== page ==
Christopher's story, continued

iVillage Member
Registered: 11-05-1998
Christopher's story, continued
Thu, 09-11-2003 - 9:28am
Well, Mr. S. wrote that Chris has had a couple of good days, although he had a lot of frustration with copying things from the overhead projector (I know that's a big problem for lots of kids with AS, and I need to get him some alternatives that Chris can do instead). He wrote that he enjoys Chris as a student, finds him "intelligent and insightful," and he is just delighted with his advanced vocabulary.

One area he's having a problem with is Christopher's inappropriate expressions of anger and frustration. Apparently, he's been stabbing his paper with his pencil, tearing up papers, and turning over chairs. I guess I can see the teacher's point that these behaviors distract and even scare the other kids. To make matters worse, Chris refused to go to his predesignated "safe place" in the classroom when the teacher suggested it. The teacher was able to get him to go to the office (not a punishment, it's another "safe place") and when he came back, he was much calmer. Hmmm, maybe it's the walking that helps him to regain control?? I'll have to consider that.

Anyway, the teacher is going to talk with the other teacher on their team about a good time for a meeting. I'll let you know how it goes.


P.S. Chris is also dealing with killer seasonal allergies. The kid is stuffy and has red, itchy watery eyes. That can't be helping his disposition, either.

iVillage Member
Registered: 03-26-2003
Thu, 09-11-2003 - 11:55am
Well, sounds like a step in the right direction. I'm hoping it continues to get better for you and CHris. Just a suggestion, I have to motivate my son to move to a "safe place." Unfortunately my son reacts better to negative motivation than positive. Meaning, I have to threaten him if he doesn't take care of whatever the issue is at the moment. I don't like to threaten (loses privileges) him but I tried the positive and it wasn't a motivator. In the heat of the moment can your son hear the teacher's request? If so, maybe some kind of motivator can be applied? A reward system for using the safe place in the classroom? I pay my son (play money) for proper behavior (using a safe place I would consider proper - if he did it of his own cognizant). He then uses the money to buy time on the computer or playstation. Could you and the teacher impliment a simple form of motivation to use the safe place? I think if you could find the right motivation it could work. Just a thought.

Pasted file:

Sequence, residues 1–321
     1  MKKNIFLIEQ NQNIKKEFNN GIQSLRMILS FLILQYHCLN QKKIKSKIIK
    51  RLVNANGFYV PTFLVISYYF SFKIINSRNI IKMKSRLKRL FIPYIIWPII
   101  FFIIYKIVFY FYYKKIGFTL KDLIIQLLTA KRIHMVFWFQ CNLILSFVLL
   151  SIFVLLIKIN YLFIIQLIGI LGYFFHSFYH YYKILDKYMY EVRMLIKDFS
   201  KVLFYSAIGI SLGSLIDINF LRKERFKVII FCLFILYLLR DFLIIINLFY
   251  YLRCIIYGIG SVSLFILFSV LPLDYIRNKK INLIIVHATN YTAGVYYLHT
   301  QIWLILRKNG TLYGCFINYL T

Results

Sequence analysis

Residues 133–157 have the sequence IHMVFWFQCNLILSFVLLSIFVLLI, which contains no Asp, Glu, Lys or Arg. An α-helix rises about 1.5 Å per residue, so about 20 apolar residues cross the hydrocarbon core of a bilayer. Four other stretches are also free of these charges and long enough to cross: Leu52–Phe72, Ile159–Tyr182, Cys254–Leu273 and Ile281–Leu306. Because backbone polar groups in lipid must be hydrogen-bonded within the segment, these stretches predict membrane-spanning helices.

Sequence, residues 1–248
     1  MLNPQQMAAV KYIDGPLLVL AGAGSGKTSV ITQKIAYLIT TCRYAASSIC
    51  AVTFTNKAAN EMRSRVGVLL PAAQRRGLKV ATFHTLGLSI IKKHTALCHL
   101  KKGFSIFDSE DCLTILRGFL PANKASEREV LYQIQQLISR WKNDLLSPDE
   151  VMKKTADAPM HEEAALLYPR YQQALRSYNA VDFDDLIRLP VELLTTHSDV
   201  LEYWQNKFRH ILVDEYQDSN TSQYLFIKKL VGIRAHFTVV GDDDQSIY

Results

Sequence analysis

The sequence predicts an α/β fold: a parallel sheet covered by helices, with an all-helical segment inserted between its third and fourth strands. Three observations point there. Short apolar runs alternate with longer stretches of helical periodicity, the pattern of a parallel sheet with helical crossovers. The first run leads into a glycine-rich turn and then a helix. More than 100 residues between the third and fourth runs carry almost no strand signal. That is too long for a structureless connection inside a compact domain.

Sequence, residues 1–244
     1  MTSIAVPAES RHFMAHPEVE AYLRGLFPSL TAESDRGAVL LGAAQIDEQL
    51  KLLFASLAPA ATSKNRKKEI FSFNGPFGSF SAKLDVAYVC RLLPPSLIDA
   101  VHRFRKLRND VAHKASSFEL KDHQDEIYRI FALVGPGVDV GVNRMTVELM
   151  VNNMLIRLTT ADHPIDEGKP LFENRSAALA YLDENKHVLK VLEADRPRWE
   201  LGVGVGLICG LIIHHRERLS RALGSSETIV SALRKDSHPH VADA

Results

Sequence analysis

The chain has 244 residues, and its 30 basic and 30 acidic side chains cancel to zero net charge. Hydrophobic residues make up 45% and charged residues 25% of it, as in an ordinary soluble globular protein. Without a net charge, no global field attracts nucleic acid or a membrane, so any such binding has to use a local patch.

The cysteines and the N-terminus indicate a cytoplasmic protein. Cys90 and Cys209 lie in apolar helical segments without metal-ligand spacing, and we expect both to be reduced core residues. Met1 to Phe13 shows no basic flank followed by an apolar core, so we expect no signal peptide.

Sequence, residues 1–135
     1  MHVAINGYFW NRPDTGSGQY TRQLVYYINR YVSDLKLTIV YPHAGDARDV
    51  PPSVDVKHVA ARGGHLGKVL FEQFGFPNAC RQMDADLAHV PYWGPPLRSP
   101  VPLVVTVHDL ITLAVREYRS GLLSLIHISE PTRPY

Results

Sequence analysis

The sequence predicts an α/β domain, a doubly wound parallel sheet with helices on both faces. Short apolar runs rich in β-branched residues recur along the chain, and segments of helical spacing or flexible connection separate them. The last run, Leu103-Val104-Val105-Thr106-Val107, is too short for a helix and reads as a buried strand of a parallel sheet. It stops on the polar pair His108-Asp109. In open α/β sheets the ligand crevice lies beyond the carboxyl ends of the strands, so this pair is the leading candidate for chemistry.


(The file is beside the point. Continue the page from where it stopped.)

iVillage Member
Registered: 07-11-2003
Fri, 09-12-2003 - 7:30am
Two words......stress ball. They work wonders for Jade. She is also the type to start tearing things up when she gets frustraited. We bought her her first stress ball when she was 4 and she has gone through a few of them now (gets 'em with her nails). Would it be possible for the teacher to allow Chris to keep one on his desk with him? Either that or modling clay. That's what eva prefers.

About the overheads....I make photocopies of them as worksheets for the kids in the co-op who need them. I know that part of the purpose of using overheads is to give the students a chance to practice copying as a building block for note taking. For that reason I ask my students who use the worksheets to 'replicate' what they see on their worksheet. But I allow them to do it in their own time, and if they never actually get that accomplished at least they haven't fallen behind in gaining the information on the material.

It sounds like things are getting better for Chris. I'm so happy for him. And I'm glad that the new teacher is starting to pull his head out of that warm dark place he seemed to have it before. (wink) I think he will find that having an Aspie in the class makes the whole room feel just a bit more fun.